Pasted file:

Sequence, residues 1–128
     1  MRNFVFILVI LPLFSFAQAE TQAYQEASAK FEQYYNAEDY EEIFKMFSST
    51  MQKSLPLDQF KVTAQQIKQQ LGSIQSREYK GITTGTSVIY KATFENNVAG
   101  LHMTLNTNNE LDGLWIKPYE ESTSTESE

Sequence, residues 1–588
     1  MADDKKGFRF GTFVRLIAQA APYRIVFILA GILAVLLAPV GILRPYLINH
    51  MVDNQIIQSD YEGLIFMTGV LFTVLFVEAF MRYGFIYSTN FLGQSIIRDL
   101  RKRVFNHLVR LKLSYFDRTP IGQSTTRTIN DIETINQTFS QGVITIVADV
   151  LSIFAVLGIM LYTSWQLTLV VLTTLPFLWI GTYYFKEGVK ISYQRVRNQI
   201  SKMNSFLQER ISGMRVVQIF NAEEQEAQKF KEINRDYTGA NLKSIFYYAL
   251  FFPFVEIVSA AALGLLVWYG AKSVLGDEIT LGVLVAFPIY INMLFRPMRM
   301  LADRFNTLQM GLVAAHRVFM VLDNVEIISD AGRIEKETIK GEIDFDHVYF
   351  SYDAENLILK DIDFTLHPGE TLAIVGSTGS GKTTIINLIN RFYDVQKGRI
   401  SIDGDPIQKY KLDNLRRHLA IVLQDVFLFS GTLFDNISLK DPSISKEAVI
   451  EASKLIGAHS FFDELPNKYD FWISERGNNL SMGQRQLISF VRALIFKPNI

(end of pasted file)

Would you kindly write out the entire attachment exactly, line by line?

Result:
Sequence, residues 1–128
     1  MRNFVFILVI LPLFSFAQAE TQAYQEASAK FEQYYNAEDY EEIFKMFSST
    51  MQKSLPLDQF KVTAQQIKQQ LGSIQSREYK GITTGTSVIY KATFENNVAG
   101  LHMTLNTNNE LDGLWIKPYE ESTSTESE

Sequence, residues 1–588
     1  MADDKKGFRF GTFVRLIAQA APYRIVFILA GILAVLLAPV GILRPYLINH
    51  MVDNQIIQSD YEGLIFMTGV LFTVLFVEAF MRYGFIYSTN FLGQSIIRDL
   101  RKRVFNHLVR LKLSYFDRTP IGQSTTRTIN DIETINQTFS QGVITIVADV
   151  LSIFAVLGIM LYTSWQLTLV VLTTLPFLWI GTYYFKEGVK ISYQRVRNQI
   201  SKMNSFLQER ISGMRVVQIF NAEEQEAQKF KEINRDYTGA NLKSIFYYAL
   251  FFPFVEIVSA AALGLLVWYG AKSVLGDEIT LGVLVAFPIY INMLFRPMRM
   301  LADRFNTLQM GLVAAHRVFM VLDNVEIISD AGRIEKETIK GEIDFDHVYF
   351  SYDAENLILK DIDFTLHPGE TLAIVGSTGS GKTTIINLIN RFYDVQKGRI
   401  SIDGDPIQKY KLDNLRRHLA IVLQDVFLFS GTLFDNISLK DPSISKEAVI
   451  EASKLIGAHS FFDELPNKYD FWISERGNNL SMGQRQLISF VRALIFKPNI